The DOM has been one of the W3C's most closely watched initiatives. Level 1, which earned its recommendation in October 1998, focused on support for documents written in HTML and XML. Level 2 encompasses a wider range of W3C-recommended technologies, including Cascading Style Sheets (CSS) and XML Namespaces, which let pages differentiate between distinct XML dialects.
The DOM Level 2 also supports what the W3C calls "events," or a document's response to actions such as mouseovers.
"The DOM Level 2 Recommendation builds on the solid work done in DOM Level 1 and gives Web authors the power to move to XML for dynamic content," Lauren Wood, chairwoman of the W3C's DOM working group and an employee of SoftQuad, said in a statement. "There are now several implementations of the DOM, in different programming languages, which provide the basis of powerful systems meeting the business needs of several large organizations."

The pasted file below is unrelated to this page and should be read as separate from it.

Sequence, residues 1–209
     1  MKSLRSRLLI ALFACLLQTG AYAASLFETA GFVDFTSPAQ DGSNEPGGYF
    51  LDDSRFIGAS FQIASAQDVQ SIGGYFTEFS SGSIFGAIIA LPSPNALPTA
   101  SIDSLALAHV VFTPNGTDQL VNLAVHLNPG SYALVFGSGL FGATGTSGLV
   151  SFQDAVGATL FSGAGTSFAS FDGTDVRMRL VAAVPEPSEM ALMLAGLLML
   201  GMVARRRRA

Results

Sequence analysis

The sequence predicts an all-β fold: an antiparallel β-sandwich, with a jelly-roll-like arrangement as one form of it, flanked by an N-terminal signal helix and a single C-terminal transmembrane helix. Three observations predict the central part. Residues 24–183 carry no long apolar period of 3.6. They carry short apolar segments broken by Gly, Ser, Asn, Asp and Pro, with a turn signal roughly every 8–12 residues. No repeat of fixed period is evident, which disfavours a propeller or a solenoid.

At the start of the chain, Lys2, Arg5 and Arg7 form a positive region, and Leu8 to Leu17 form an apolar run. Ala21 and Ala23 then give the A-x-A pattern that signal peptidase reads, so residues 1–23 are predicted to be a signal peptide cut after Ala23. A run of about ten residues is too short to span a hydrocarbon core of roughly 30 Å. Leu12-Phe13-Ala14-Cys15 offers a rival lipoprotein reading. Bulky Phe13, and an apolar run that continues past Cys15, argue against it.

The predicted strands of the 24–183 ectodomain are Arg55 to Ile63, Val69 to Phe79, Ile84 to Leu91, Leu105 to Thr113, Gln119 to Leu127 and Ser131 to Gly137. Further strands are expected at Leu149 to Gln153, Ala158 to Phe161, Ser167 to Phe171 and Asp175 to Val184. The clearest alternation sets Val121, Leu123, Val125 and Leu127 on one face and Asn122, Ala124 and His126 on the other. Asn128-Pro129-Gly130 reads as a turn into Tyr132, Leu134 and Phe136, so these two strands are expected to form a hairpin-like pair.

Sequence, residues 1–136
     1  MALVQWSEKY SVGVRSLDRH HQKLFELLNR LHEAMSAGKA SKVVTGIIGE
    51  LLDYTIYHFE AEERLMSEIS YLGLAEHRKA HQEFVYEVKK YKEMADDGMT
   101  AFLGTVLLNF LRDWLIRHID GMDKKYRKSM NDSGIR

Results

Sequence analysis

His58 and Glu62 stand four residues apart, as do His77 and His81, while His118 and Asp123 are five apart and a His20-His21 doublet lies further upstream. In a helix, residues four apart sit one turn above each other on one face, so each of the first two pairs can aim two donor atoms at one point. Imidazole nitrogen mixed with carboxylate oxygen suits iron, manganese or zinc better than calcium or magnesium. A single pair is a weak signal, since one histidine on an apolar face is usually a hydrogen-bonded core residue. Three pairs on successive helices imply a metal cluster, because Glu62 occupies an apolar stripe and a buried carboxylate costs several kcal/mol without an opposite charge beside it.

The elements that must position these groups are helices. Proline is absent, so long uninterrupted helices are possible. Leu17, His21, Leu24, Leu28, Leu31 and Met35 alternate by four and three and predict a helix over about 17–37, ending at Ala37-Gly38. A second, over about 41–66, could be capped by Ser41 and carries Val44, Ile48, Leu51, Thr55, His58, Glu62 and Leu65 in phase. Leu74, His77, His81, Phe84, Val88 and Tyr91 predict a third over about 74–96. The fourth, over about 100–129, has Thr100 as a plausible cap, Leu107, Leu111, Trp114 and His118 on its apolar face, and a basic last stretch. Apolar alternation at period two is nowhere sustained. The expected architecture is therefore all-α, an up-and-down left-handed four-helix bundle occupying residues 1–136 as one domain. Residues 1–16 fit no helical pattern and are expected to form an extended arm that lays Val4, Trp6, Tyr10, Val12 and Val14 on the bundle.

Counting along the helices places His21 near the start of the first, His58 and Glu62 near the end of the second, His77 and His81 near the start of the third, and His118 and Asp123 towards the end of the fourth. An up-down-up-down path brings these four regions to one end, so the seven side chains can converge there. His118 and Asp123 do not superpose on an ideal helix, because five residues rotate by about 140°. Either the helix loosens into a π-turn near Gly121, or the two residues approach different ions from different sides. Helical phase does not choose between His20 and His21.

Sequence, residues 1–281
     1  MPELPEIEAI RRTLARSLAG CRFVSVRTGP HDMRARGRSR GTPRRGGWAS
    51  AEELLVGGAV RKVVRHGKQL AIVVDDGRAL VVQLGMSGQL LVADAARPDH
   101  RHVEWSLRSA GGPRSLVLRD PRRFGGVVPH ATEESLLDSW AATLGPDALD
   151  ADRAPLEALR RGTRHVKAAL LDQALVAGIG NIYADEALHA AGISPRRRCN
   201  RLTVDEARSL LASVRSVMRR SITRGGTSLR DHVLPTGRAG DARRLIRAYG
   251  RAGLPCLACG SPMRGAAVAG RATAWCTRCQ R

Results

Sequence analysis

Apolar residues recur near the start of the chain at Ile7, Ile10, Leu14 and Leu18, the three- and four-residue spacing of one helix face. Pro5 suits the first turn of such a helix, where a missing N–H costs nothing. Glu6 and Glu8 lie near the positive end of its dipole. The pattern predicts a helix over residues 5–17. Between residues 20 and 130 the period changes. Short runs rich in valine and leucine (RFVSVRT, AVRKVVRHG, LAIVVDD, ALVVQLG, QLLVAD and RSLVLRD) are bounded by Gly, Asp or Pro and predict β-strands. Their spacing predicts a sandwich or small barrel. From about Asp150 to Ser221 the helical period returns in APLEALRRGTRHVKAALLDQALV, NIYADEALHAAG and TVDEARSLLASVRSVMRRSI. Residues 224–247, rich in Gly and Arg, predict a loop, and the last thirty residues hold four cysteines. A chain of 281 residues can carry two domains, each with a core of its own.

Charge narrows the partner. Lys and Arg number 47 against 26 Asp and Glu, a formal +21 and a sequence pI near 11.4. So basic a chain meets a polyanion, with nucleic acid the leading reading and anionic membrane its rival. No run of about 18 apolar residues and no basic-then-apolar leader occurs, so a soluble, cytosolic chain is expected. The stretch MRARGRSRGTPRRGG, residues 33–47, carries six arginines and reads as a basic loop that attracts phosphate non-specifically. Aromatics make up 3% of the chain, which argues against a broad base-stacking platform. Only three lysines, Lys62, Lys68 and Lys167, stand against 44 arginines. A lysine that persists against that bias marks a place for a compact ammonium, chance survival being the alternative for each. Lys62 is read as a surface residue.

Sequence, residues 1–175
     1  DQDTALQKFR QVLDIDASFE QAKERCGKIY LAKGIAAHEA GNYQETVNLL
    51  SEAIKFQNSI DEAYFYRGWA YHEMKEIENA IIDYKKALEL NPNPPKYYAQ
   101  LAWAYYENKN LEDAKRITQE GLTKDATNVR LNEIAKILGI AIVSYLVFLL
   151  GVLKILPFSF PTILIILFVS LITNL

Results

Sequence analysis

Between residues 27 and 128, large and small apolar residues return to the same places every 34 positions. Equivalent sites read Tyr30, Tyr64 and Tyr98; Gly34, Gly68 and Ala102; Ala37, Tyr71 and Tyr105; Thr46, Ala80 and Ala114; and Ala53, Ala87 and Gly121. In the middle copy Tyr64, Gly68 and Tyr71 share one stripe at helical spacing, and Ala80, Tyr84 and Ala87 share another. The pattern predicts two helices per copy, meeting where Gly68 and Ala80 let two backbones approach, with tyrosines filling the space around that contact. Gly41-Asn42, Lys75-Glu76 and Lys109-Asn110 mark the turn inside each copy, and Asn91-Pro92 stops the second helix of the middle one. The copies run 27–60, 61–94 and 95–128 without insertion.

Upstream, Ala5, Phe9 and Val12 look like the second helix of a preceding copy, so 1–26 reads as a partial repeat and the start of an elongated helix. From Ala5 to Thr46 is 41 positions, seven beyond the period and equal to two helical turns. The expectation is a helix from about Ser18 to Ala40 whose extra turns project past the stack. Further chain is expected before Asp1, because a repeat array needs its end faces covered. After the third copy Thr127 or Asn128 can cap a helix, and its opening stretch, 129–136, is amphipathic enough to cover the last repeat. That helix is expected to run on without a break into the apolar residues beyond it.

Other companies represented on the working group include IBM, Intel, Macromedia, Microsoft, America Online division Netscape Communications, Oracle, Software AG and Sun Microsystems.